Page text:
Cooking by the Numbers
| Peter Klein |
[A]s people look for quicker and easier ways to make everyday meals, some are moving away from the rigidity of recipes and advocating improvisational cooking, where measurements are approximations and ingredients are interchangeable.
It’s common to distinguish between two personalities in the kitchen: the deliberate, systematic, careful personality, which tends to excel in baking, and the wilder, risk-taking, adjust-on-the-fly personality, which does better with other types of cooking. But the use of careful and precise measurements has been a staple of most kinds of home cooking for a hundred years:
The rise of recipes that use precise measurements is widely credited to Fannie Farmer, a student, and later, director of the Boston Cooking School, who published “The Boston Cooking-School Cookbook” in 1896. Until Ms. Farmer’s manual, cookbooks were written in prose, calling for a pinch of this or a handful of that.
“The Boston Cooking-School Cookbook,” which survives today as “The Fannie Farmer Cookbook,” featured nearly 2,000 recipes that gave detailed instructions using a standardized system of measurement (teaspoon, cup, etc.). Ms. Farmer also included scientific explanations with her recipes, and wrote essays on housekeeping and cleaning. The rising middle-class and subsequent growth in the number of women looking to homemaking as a profession turned Ms. Farmer’s book into a hit — it has sold more than 4 million copies to date.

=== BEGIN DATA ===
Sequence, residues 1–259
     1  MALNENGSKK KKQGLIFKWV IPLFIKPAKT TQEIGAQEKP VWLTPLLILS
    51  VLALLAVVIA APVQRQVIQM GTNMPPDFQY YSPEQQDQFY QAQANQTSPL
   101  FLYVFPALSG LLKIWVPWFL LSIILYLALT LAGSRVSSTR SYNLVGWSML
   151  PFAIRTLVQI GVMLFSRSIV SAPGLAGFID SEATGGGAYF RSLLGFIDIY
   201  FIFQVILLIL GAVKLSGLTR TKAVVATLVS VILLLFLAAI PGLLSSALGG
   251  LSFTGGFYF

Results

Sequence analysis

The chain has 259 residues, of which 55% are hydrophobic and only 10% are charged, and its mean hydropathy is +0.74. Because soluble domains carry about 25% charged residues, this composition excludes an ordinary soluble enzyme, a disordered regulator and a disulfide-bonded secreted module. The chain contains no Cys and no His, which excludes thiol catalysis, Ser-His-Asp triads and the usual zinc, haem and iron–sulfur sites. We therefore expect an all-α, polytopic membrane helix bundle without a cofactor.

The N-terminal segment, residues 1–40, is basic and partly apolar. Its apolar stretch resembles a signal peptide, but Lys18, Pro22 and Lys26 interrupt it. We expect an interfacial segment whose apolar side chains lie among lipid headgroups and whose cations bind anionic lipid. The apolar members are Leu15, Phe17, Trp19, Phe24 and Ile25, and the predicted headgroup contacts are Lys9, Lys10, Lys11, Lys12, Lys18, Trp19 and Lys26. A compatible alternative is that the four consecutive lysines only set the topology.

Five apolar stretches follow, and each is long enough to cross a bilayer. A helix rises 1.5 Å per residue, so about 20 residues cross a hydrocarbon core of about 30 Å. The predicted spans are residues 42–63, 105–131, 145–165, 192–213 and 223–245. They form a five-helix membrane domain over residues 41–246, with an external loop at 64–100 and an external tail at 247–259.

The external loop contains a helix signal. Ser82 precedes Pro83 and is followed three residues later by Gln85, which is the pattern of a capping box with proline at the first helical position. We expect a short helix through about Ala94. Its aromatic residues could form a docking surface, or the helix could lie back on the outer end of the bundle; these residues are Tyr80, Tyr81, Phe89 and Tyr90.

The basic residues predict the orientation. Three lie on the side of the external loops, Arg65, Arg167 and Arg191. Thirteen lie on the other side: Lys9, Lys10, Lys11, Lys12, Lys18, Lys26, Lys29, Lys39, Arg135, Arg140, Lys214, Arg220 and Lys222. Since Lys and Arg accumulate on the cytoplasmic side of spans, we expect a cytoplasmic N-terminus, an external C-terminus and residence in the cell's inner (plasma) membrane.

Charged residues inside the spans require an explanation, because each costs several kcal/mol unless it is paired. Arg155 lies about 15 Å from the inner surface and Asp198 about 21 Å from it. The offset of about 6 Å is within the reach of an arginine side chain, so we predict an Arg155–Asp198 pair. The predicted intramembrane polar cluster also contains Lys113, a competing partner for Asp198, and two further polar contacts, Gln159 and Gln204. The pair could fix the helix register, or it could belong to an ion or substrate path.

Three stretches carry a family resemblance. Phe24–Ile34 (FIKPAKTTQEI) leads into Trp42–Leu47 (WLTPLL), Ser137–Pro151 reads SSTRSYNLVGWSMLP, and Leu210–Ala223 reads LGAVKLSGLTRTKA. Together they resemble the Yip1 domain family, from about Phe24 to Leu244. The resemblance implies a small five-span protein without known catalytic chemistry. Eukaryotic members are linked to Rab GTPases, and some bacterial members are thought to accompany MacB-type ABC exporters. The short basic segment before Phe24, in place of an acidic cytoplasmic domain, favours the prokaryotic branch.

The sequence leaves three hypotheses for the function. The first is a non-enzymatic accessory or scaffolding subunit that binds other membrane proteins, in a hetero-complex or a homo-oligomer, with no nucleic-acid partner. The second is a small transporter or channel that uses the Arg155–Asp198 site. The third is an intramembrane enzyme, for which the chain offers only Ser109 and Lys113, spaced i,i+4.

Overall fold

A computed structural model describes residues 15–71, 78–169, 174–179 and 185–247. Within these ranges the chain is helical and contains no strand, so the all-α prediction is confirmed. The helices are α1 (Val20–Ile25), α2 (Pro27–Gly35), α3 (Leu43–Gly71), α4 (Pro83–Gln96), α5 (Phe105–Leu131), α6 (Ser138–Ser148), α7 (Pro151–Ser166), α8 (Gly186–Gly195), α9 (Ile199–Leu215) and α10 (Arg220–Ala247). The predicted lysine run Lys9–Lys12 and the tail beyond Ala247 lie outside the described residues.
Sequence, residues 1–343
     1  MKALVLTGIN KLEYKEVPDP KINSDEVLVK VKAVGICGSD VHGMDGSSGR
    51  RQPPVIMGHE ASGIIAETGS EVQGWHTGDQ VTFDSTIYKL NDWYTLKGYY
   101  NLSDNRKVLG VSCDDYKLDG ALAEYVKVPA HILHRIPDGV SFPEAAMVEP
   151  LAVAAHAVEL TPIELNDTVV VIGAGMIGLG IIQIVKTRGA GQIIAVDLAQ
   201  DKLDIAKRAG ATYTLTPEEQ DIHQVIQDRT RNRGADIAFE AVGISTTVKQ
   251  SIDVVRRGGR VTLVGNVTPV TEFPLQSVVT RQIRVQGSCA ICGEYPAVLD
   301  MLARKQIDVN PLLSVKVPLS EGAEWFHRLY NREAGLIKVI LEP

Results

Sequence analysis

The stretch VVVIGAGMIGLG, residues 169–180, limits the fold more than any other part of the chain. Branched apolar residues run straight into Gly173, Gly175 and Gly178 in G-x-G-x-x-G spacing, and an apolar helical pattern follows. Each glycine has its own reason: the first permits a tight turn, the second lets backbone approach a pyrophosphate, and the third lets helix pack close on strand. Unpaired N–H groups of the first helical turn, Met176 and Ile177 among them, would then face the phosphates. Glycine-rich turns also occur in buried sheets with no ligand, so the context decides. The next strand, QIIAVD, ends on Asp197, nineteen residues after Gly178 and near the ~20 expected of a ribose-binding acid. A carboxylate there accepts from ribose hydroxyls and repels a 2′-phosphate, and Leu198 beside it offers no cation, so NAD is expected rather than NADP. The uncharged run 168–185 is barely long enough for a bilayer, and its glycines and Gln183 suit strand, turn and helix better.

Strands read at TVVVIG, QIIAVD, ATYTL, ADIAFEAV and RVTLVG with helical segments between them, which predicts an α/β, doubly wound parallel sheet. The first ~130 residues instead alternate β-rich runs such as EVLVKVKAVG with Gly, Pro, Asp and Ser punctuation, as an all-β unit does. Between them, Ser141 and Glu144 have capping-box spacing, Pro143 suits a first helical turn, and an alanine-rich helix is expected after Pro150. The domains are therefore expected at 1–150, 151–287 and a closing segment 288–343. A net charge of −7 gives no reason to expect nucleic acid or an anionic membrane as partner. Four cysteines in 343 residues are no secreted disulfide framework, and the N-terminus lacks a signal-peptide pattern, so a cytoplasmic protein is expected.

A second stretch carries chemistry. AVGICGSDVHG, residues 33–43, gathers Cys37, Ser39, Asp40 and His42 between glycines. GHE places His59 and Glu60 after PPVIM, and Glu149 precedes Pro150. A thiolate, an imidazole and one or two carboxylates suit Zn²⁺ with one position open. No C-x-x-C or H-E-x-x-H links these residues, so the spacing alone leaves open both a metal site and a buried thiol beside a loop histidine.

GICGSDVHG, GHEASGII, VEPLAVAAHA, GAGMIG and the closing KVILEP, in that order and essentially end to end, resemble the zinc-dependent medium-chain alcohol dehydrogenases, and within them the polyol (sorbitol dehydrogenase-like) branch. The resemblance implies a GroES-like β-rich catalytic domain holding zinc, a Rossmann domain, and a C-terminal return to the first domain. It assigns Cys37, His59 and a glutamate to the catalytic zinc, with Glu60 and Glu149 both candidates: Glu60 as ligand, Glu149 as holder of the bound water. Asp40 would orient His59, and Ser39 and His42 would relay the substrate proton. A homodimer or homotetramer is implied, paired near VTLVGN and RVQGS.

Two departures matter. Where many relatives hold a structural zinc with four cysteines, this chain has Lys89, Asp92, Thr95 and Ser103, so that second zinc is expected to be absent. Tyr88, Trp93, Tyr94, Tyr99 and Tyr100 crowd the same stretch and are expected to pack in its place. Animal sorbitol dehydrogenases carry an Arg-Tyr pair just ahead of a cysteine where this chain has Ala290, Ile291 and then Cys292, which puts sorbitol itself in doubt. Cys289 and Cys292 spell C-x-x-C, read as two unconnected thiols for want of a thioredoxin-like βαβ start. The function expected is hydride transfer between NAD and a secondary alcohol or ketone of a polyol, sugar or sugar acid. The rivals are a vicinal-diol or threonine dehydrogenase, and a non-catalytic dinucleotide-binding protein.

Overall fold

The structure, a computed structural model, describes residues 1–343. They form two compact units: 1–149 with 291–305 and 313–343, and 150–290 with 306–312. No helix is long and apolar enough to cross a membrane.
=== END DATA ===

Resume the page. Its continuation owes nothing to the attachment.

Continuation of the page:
Today’s recipes are still built on Ms. Farmer’s model of listing level measurements for each ingredient and directions that include exact temperatures and times. But with more people having little understanding of the basics of cooking and how to adapt it, plus the advent of chef cookbooks featuring hard-to-recreate restaurant recipes and stylized photos, some home cooks are overwhelmed by what they call excessive details.
Cookbook author Sally Schneider sounds like a management consultant when she writes about structure and process, rather than measurement and data — get Harold Geneen out of the kitchen!
Ms. Schneider focuses on teaching cooks to deconstruct dishes into their basic tenets: know how different ingredients taste, build on successful meals and be okay with making mistakes.
“Once you learn to look at recipes, you can see that there is a structure to them,” Ms. Schneider says. “That might be the thing to respect until you learn the variables. Suppose you see a recipe that has peas in it, and you go to the market and don’t see peas, but you see lima beans. Using similar ingredients is a way to start.”
See also: Kitchen Hierarchy